Dear President Trump,
Sixty nine days ago, you were elected to become our next president. Since then, I have experienced a lot of feelings, but the main one has been that of dismay. This election has changed the way I look at my neighbors, family and friends. I am suspicious of who would have voted against my very existence. I am scared and unsettled. I don’t know what to expect or what to do to ensure my safety or well-being.
My trust in the very process that I have participated with since I was 18 doesn’t feel reliable or trustworthy. The really horrible thing about my situation, Mr. President, is that I am probably one of the privileged ones. Yes, I am black and lesbian. Yes, your campaign rhetoric targeted me as a woman, as a person of color and as an LGBTQ person. Yes, your hateful and hurtful platform directly undermined the work around equality, diversity and inclusion that I have personally been dedicated to for many, years. Your cabinet selections have shown that you are committed to doing harm to a large portion of the American population.
Despite this, your presidency will probably have the least impact on my life and well-being. You see, sir, my fear is not for me. It is for our most vulnerable population. I am outraged and dismayed by the harm that will be caused to our LGBTQ youth, especially our LGBTQ homeless youth. I am afraid for our undocumented sisters and brothers — especially our undocumented LGBTQ sisters and brothers.
I am afraid for the many black and brown kids that have to live in a country that currently doesn’t honor or respect their existence. I have so many friends and family with little or no hope in the system, with little or no hope in their future. I am so worried about how to continue to make progress towards full equality for us all. It feels as though this election has taken away my ability to be effective in my community.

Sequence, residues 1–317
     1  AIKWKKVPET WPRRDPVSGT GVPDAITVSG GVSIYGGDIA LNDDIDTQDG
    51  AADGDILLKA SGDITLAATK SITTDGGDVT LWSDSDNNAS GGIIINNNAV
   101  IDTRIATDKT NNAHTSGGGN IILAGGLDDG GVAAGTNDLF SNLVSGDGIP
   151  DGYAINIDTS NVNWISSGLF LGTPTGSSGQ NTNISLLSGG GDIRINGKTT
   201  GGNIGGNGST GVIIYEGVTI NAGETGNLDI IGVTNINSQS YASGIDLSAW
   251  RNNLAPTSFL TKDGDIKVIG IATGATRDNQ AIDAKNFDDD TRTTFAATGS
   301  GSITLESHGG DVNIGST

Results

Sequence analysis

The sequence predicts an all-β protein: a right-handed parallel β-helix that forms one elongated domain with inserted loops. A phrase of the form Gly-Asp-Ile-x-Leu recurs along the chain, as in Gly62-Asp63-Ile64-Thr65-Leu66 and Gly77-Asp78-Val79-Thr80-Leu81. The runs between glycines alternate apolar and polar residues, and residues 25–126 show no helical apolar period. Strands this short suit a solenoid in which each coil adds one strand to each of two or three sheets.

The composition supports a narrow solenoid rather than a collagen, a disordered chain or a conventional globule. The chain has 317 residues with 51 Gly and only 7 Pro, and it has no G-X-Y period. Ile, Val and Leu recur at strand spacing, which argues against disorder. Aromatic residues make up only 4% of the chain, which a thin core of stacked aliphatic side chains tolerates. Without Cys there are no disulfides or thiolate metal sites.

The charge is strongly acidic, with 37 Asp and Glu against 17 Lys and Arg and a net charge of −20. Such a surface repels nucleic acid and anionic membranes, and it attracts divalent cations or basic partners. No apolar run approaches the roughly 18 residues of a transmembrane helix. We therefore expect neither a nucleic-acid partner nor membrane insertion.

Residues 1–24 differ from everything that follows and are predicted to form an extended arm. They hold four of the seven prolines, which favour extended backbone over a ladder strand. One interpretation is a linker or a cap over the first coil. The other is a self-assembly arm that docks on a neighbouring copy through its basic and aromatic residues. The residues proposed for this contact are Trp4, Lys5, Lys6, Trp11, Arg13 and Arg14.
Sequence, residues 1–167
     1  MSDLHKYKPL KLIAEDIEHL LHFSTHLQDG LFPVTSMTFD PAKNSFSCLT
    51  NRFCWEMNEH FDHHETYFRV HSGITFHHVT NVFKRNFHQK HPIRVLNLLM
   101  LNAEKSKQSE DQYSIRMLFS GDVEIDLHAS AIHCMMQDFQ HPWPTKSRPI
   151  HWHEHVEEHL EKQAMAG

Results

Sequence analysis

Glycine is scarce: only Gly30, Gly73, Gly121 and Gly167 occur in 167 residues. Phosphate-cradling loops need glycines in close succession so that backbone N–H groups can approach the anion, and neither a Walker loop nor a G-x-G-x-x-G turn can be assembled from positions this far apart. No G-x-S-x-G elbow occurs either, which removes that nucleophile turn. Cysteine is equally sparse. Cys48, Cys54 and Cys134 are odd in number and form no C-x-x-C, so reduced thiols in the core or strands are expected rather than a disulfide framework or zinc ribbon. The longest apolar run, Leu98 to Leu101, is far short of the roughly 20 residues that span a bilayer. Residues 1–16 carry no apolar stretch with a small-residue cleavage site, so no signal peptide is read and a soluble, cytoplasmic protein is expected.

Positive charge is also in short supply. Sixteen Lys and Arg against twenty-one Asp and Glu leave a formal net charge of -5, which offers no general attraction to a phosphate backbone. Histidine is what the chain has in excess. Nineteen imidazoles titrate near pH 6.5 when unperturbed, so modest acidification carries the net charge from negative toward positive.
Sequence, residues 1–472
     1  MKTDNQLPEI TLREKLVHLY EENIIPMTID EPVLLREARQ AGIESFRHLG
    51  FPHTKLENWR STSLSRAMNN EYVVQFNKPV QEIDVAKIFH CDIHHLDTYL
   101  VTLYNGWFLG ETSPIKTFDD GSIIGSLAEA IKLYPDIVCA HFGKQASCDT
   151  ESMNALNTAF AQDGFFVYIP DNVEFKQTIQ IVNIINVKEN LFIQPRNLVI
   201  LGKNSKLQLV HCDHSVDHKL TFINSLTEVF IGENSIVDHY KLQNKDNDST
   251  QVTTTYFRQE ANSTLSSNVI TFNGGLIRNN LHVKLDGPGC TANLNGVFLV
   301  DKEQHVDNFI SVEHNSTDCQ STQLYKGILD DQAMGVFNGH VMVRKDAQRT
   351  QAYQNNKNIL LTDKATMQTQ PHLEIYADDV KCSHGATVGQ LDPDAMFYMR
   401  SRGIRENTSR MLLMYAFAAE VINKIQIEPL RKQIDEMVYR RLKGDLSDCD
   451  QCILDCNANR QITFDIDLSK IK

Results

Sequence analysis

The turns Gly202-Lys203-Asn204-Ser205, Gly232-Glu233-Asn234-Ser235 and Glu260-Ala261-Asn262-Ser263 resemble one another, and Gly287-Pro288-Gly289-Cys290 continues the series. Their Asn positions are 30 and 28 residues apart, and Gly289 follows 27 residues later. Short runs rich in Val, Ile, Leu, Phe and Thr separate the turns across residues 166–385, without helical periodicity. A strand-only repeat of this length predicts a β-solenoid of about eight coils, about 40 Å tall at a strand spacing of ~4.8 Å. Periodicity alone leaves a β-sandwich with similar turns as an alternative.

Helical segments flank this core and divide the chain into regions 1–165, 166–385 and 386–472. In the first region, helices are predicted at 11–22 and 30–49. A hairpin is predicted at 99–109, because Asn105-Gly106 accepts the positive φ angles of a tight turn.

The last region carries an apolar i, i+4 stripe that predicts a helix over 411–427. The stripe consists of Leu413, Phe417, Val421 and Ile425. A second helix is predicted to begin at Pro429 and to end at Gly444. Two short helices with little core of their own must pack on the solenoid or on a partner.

You know, Mr. President, I have to be honest. I am not being completely forthright. Although everything I have shared is true, it’s not the complete story. My fear is also for me. I have been sent into a tailspin and I don’t know what to do to stop the panic within me. I have been stunned and silenced for sixty nine days, and that scares me more than anything you can threw at me. My silence has shown me just how vulnerable I really am and it has been shocking to me. I am holding my breath and bracing for the worst. Fortunately, I can’t stay in the position for much longer. In fact, sixty nine days has been too long.
Mr. President, I don’t want to fight you for the next four years. I don’t want to be on heightened alert or scrutinize every word you say or every action you take. But, sir, that is exactly what I plan to do.
Interim Executive Director
The Wanda Alston Foundation
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The opinions expressed in these letters are those of the individual authors and do not necessarily reflect the views of their organizations and this magazine, its staff and contributors.
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